Most children are taught in school that modern policing in England started with the Bow Street Runners in London. The author Henry Fielding founded the Runners in 1749; they were unique as they were attached to the Bow Street magistrates’ office and paid from central government funds. Throughout history however the signs of the often rigid enforcement of the law have been visually evident. During the Roman occupation of Britain you would almost certainly have seen crucifixions or perhaps witnessed ad bestias (“to the beasts”) at the amphitheatre, where criminals were forced to face wild animals without the benefit of weapon or armour. Throughout post-Roman Britain and into the Middle Ages you would have seen gallows at crossroads with decomposing naked bodies swinging from the ropes. The putrefied heads of traitors would greet you as you approached the city gates. Every village would have stocks to punish petty offenders and rogue traders would often find themselves in the pillories.
All of these punishments served as deterrents but there was no real crime detection. So who arrested the criminals, who investigated the crimes and who linked the criminal acts to conviction and punishment?
It’s important to remember that pre industrial revolution everyone lived communally. People would work in the fields together, worship together, attend manorial court together and partake in the numerous celebrations and religious festivals together. In medieval England every male between the age of 12 and 60 had to belong to a group called a tithing. Tithing’s can trace their roots back to the Anglo-Saxon period. The members of the tithing had to swear an oath on the bible to obey the law and be loyal to their lord and king. The members of the tithing are expected to report any member of the group who breaks the law or they themselves would be breaking the law. The Chief Tithing-man is responsible for ensuring that all members of the group do not break the law.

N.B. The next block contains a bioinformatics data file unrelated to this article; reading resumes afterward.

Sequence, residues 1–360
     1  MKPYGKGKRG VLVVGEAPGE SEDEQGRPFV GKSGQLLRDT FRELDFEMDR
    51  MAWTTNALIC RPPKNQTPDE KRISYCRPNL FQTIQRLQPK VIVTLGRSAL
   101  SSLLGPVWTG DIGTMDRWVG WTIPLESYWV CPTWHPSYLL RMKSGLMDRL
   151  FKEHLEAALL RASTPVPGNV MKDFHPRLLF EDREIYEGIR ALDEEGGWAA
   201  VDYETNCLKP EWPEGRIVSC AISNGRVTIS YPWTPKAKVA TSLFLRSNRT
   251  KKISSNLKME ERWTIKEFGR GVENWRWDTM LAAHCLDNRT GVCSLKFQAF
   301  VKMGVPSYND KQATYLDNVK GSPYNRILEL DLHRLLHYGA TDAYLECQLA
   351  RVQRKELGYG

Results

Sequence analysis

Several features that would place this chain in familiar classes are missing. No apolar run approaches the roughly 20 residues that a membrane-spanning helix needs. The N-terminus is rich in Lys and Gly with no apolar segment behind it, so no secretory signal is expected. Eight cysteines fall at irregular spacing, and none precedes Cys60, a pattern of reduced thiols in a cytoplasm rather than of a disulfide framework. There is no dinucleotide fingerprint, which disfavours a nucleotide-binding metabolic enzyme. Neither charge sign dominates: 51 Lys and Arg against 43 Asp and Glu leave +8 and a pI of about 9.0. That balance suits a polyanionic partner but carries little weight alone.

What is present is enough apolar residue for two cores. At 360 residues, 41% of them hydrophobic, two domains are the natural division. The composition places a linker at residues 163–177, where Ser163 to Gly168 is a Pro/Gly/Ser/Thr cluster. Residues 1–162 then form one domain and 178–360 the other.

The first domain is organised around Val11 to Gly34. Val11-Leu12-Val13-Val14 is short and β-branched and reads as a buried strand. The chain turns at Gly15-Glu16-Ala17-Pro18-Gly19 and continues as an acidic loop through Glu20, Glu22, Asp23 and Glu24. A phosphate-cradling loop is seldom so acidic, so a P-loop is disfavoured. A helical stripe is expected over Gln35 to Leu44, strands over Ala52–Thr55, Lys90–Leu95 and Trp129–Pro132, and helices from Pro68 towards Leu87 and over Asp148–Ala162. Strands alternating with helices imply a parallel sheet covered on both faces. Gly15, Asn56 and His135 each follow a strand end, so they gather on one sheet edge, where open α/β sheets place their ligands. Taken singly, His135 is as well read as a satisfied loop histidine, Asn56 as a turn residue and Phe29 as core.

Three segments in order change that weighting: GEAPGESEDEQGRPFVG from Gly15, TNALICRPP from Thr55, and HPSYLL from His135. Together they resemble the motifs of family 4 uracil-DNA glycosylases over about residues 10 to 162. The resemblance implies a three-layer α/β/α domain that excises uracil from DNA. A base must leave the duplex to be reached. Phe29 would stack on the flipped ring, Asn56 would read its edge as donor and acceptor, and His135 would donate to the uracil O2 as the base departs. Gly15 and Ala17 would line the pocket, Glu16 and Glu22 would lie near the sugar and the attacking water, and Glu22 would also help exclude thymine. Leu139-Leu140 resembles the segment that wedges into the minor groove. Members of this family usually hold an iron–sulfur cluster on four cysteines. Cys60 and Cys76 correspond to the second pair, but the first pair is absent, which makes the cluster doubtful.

What would you do though if you discovered a crime being committed? You would be expected to raise the alarm or in other words give hue and cry. In 1285 the Statute of Winchester declared that anyone who witnesses a crime shall give hue and cry. All able-bodied men, upon hearing the shouts, were obliged to assist in the pursuit of the criminal. The sound of the hue and cry varied from place to place but was most likely a shout and would probably have varied depending upon the nature of the crime. The criminal would be pursued and if caught handed over to the constable of the township. If the criminal escapes the crime is reported at the next hundred court and the details circulated to all the tithing’s in the area. Serious crimes would require the Sheriff to call upon the posse comitatus; a group of armed men who would pursue and catch the criminal. If a coroner was present and the criminal had not reached the sanctuary of a church he could be beheaded on sight for resisting arrest.
After the Black Death in England the rural population was reduced and this increased the bargaining power of the workers. This in turn led to the eventual collapse of the feudal system of serfdom increasing the movement of villeins and increasing the population of towns and cities. Once the local communities broke down tithing’s became less effective and greater reliance was placed on private watchmen or thief-takers who were paid a fee for capturing criminals. In 1663, the city of London employed night watchmen to guard the streets. They were the first paid law enforcement body in the country, augmenting the force of unpaid constables.